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Dorothea J. Kingsbury Estate Planning & Probate Attorney

There is little glory in the job of an estate executor

Anyone who has ever served as the executor of a loved one's estate will likely say it is both an honor and a burden. In fact, few who have the experience ever want to repeat it, and they may take extra care in choosing their own executors to avoid leaving loved ones with the stress and frustration the duties entail.

If you have recently learned that a loved one named you executor in his or her will, or if a court appointed you to the position, you probably have concerns about being able to fulfill the duties effectively. These concerns are well-founded since settling an estate is complicated, and because an executor serves in a fiduciary role for the estate, you may be responsible for any errors or mishaps that occur during the process.

The nuts and bolts of probate

Even with the simplest estates, the duties of an executor are many. In fact, one quality an estate executor should have is time, so if your work, family and personal obligations are inflexible, you can certainly decline the position. Additionally, since many of your responsibilities deal with money, you might feel you are not right for the role if you have little skill with paying taxes and managing bills.

In general, your duties will include the following:

  • Gathering your loved one's assets and keeping them safe
  • Locating and contacting anyone whom your loved one named as an heir
  • Filing the appropriate paperwork with the court
  • Paying your loved one's final taxes, debts and bills and closing bank and financial accounts
  • Distributing any remaining assets as stipulated in the will or by Ohio laws

You may have to continue making mortgage or insurance payments until the probate process is complete. Additionally, you will be responsible for contacting the Social Security Administration to discontinue any payments your loved one was receiving.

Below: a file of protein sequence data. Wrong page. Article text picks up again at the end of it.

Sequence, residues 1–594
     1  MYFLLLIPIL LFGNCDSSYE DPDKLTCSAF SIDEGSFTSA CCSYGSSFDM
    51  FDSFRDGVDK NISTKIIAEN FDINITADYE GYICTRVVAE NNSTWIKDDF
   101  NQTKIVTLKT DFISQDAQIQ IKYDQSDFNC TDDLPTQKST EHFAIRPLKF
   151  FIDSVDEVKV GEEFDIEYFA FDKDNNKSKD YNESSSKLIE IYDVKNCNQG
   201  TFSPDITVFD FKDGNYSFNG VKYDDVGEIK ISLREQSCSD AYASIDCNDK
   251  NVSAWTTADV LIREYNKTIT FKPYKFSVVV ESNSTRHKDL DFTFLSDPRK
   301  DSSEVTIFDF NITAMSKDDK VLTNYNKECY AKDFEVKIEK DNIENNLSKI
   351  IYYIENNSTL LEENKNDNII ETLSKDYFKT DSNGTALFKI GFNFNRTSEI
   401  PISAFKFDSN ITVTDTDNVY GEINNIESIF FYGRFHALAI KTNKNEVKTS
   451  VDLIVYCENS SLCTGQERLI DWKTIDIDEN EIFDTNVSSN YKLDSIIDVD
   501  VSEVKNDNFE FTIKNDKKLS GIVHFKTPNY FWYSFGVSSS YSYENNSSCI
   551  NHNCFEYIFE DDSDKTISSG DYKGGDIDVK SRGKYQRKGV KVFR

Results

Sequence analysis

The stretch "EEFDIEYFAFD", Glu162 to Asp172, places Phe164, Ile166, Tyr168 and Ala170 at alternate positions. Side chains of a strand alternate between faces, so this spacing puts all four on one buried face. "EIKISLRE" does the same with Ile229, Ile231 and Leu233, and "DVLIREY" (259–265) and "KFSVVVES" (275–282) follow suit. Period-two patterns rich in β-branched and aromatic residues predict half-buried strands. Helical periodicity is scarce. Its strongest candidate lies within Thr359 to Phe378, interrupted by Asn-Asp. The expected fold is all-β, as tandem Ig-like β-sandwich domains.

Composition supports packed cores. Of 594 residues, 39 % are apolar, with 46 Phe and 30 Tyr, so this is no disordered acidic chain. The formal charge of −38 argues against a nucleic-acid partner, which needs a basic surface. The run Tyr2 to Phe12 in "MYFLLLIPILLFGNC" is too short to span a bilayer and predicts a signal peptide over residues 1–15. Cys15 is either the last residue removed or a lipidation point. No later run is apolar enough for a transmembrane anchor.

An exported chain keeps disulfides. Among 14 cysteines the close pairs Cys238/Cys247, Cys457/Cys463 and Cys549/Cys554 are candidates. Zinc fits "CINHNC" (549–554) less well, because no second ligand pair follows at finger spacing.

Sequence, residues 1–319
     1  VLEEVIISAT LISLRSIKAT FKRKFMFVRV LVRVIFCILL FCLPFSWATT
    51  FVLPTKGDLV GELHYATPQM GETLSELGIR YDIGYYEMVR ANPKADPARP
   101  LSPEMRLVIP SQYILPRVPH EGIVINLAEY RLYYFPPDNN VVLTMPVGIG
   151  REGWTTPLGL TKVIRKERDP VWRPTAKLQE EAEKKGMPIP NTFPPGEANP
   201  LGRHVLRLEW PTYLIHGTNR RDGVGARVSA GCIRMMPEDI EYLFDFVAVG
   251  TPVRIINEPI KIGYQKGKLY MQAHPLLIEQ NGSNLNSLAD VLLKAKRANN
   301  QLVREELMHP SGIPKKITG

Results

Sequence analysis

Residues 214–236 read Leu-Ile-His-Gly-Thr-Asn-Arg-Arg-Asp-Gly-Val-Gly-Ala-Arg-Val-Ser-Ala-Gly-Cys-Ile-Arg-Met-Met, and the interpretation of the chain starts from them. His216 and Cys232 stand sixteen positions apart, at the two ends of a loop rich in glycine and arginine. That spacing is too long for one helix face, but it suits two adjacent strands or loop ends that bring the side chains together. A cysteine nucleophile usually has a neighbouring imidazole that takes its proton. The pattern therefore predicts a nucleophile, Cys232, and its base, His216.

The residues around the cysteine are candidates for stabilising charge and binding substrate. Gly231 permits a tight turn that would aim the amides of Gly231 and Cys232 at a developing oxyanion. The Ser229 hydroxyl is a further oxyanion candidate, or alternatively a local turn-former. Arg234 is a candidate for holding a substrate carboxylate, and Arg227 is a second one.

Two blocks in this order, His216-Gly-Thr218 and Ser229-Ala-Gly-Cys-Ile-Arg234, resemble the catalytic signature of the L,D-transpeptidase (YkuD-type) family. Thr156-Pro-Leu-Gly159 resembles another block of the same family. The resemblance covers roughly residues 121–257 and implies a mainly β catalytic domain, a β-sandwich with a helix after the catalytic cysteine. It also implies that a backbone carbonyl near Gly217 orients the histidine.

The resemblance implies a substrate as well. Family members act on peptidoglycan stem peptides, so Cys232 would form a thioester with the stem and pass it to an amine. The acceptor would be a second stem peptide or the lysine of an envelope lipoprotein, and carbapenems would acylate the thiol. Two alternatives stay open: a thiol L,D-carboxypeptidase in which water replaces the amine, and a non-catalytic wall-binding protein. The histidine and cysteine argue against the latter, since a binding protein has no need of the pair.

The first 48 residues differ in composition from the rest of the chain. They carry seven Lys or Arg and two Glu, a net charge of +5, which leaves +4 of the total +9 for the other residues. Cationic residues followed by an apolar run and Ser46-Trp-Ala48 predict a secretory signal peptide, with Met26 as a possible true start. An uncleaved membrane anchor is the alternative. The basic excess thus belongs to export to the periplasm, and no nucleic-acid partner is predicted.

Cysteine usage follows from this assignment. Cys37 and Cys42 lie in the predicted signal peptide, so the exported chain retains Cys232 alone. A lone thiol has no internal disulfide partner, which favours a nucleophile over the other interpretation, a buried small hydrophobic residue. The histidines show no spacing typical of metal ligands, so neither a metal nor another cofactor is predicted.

You don't have to handle it alone

The process may become complicated in countless ways. For example, when executors have difficulty locating heirs, it is often necessary to hire investigators to find and notify them. This will certainly delay probate, and you will likely have to deal with the frustrations of other beneficiaries. These heirs may already be impatient waiting for creditors to decide how they will proceed with the collection of any outstanding debts. Creditors often take up to a year to complete this phase.

Because every family is unique, only you can make a fair guess at how the probate of your loved one will proceed. However, if you feel your energy would be better spent grieving with family than sorting through your loved one's bills, you may decide to seek assistance from an attorney.

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Good Advice. Real Solutions.

I am attorney Dorothea J. Kingsbury. I provide good advice and real solutions to challenging problems. I can help you choose and personalize estate planning instruments that meet your family's present and future needs. I can develop elder law strategies that ensure proper care for your loved ones. I can guide you through the probate/estate administration process when a family member has passed away. I can help make sure your interests are protected during your real estate transaction. I am here to make things easier.

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